26th August, 2014
Operating an effective system to prevent the carriage of clandestine entrants
In recent months we have seen a significant increase in the number of enquiries from hauliers relating to clandestine entry (a person who hides in or on a vehicle to avoid going through UK border control).
Where an operator’s vehicle is found to contain clandestine entrants, the UK Border Force can impose a civil penalty upon the operator and the driver of up to £2,000 for each clandestine entrant found in the vehicle. Operators should be aware that they are jointly and severally liable for the penalties imposed on the driver so if the driver cannot pay the penalty, the operator will have to pay the driver’s fine as well.
There is a defence to being caught with clandestine entrants in the vehicle. In order
to satisfy this, the Company must show:-
1) that the Company was unaware that the clandestine entrant was in the vehicle and there were no reasonable grounds for suspecting that a clandestine entrant was in the vehicle;
2) that there was an effective system in place for preventing the carriage of clandestine entrants,
3) that the system was being operated properly at the time of the breach.
Whilst each Company should tailor its security procedures to suit its own need, the following 4 steps should always be followed by operators to ensure that clandestine entrants do not access their vehicles and so that, if their vehicles are breached, they can rely on the above defence.
Employers must provide driver training on how to prevent the carriage of clandestine entrants and they must introduce a checklist system whereby drivers complete the checklists at various stages throughout the vehicle’s journey and certify that they have made all the required checks. Employers must be able to provide written evidence of the training, for example, a sheet signed by the driver confirming he has received specific training in this area. A copy of the training material should be given to each driver and a copy of the Company’s clandestine entrant procedure must be stored in each vehicle cab along with the driver handbook. The operator must collect and keep all checklists and any driver who does not follow the operator’s procedure on the prevention of clandestine entrants (e.g. does not complete the checklist) should be disciplined. Annual refresher training should also be given.
A driver must be satisfied that the vehicle contains no illegal entrants before securing the vehicle. A driver should supervise the loading of his vehicle so he can be sure that no clandestine entrants have entered it. A driver should also personally check that the vehicle and any containers do not contain any unauthorised persons before they are sealed. The security checklist must include a section to cover the loading of the vehicle which must be completed immediately after loading.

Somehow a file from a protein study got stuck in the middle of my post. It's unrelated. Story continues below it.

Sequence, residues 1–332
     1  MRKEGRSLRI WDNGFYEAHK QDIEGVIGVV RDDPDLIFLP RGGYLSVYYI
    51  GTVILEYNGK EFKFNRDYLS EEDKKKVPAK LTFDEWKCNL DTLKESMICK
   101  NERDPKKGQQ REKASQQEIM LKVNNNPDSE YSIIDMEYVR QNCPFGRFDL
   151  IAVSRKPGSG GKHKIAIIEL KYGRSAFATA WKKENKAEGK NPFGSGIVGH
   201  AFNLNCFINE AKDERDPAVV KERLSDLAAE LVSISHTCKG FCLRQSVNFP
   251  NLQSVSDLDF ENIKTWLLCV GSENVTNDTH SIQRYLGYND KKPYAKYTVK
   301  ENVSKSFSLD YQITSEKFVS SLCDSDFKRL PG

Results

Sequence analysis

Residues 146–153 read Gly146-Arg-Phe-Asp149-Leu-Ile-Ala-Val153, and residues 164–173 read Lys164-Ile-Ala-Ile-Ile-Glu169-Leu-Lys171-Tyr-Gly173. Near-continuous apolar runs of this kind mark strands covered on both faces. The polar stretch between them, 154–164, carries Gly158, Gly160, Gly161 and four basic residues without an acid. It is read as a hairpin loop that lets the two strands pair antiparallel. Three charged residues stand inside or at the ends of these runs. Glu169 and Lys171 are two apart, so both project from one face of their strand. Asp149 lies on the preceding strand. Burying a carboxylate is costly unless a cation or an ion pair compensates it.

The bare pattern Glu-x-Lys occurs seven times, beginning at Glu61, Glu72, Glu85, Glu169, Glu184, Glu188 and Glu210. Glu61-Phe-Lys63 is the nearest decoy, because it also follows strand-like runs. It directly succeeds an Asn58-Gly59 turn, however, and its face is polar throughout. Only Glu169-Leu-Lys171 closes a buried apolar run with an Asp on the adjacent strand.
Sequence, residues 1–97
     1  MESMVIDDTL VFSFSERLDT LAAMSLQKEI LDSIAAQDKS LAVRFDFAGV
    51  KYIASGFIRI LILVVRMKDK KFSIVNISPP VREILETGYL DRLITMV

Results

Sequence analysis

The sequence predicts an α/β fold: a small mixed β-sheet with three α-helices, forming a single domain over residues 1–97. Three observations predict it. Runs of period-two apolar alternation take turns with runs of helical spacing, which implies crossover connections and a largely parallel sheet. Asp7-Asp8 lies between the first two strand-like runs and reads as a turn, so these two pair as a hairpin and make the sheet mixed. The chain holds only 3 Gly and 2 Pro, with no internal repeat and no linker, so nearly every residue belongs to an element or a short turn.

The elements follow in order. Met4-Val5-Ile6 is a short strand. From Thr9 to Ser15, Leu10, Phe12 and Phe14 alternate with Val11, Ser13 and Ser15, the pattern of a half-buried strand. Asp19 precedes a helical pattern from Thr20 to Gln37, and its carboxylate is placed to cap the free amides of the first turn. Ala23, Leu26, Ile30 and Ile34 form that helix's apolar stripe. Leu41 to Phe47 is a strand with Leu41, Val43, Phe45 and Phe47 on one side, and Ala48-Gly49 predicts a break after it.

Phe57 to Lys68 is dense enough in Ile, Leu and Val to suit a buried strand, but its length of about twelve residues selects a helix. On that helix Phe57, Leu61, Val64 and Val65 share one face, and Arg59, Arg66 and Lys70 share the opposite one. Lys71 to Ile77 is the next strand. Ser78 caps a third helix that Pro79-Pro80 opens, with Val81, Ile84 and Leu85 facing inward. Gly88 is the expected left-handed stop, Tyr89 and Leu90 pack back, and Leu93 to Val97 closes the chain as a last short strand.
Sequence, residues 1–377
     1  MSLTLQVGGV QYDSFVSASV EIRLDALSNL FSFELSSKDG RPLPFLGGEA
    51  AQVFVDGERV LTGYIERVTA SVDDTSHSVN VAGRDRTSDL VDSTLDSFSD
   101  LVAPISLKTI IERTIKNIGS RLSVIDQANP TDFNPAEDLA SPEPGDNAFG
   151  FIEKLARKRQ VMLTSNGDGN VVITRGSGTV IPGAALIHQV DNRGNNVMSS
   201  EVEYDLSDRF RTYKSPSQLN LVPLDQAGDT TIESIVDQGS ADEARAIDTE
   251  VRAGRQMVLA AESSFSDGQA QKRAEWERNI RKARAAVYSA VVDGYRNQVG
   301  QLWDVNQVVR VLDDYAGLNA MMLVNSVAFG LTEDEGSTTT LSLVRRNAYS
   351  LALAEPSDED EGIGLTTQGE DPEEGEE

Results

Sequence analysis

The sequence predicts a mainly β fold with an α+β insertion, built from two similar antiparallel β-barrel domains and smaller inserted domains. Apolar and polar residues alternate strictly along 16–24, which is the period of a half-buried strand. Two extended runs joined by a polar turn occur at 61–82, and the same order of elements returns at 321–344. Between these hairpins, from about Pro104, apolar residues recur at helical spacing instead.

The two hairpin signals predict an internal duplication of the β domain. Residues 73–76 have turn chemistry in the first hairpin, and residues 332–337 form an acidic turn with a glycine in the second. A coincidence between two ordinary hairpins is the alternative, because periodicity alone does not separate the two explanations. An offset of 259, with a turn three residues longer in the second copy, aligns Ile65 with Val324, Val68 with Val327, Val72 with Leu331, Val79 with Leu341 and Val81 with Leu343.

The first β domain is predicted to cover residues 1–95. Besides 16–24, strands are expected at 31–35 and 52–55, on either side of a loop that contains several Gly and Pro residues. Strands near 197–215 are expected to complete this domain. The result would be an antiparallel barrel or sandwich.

Secure your vehicles
The UK Border Force advises drivers to secure their vehicles using a padlock, seals and tilt cord and to check vehicles after each stop. They advise that drivers should physically pull the security devices to ensure they are intact and look underneath the vehicle and on top of it. If the vehicle cannot be secured by lock, seal or other security device, it will be up to the driver to establish alternative arrangements to prevent unauthorised entry and to record the steps taken and the checks made. The security devices must be checked and noted on the checklist before the vehicle leaves its loading point, after every stop and before checking in at Calais.
Every time the vehicle stops en route to the United Kingdom, it must be checked by the driver to ensure that it has not been breached, particularly when left unattended. The checks should then be recorded on the vehicle security checklist. Ideally, the document should be endorsed by a third party who has either witnessed or carried out the checks himself by arrangement with the owner, hirer or driver. The report detailing the checks that were made must be carried with the vehicle at all times.
For more information on this and other haulage issues, please contact Keith McKinney on 01244 405410 or email [email protected]
You might also be interested in...
22nd May, 2019
There have been a number of Court decisions in recent years grappling with the application of established legal... Read More »
17th May, 2019
The recent judgement in Wellesley v Wellesley follows the developing line of claims brought by adult children who... Read More »
17th May, 2019
Businesswomen from across Shropshire have come together at an exclusive afternoon tea event held by law firm Aaron... Read More »